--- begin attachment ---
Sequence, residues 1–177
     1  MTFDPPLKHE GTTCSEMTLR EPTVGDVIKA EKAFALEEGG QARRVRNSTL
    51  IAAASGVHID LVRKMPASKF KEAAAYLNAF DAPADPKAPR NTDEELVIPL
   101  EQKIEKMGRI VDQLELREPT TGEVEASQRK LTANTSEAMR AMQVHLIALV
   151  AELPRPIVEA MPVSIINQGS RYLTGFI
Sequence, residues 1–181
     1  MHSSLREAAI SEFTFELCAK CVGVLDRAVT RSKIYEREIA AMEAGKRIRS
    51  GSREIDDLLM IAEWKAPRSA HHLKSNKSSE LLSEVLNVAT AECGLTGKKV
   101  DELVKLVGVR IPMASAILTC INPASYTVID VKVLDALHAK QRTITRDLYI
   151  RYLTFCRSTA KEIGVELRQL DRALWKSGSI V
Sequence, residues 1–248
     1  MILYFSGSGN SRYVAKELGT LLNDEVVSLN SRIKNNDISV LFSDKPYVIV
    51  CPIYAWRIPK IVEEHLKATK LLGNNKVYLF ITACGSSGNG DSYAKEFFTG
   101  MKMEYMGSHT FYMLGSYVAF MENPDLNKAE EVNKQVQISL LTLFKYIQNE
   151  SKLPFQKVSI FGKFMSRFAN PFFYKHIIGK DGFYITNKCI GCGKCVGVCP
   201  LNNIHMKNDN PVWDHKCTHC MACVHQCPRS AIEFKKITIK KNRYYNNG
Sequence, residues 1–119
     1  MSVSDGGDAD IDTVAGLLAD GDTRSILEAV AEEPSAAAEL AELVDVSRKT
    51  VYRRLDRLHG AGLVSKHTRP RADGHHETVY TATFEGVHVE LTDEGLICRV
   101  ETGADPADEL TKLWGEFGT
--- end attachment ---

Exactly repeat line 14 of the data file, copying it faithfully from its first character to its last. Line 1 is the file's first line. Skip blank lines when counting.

   101  MKMEYMGSHT FYMLGSYVAF MENPDLNKAE EVNKQVQISL LTLFKYIQNE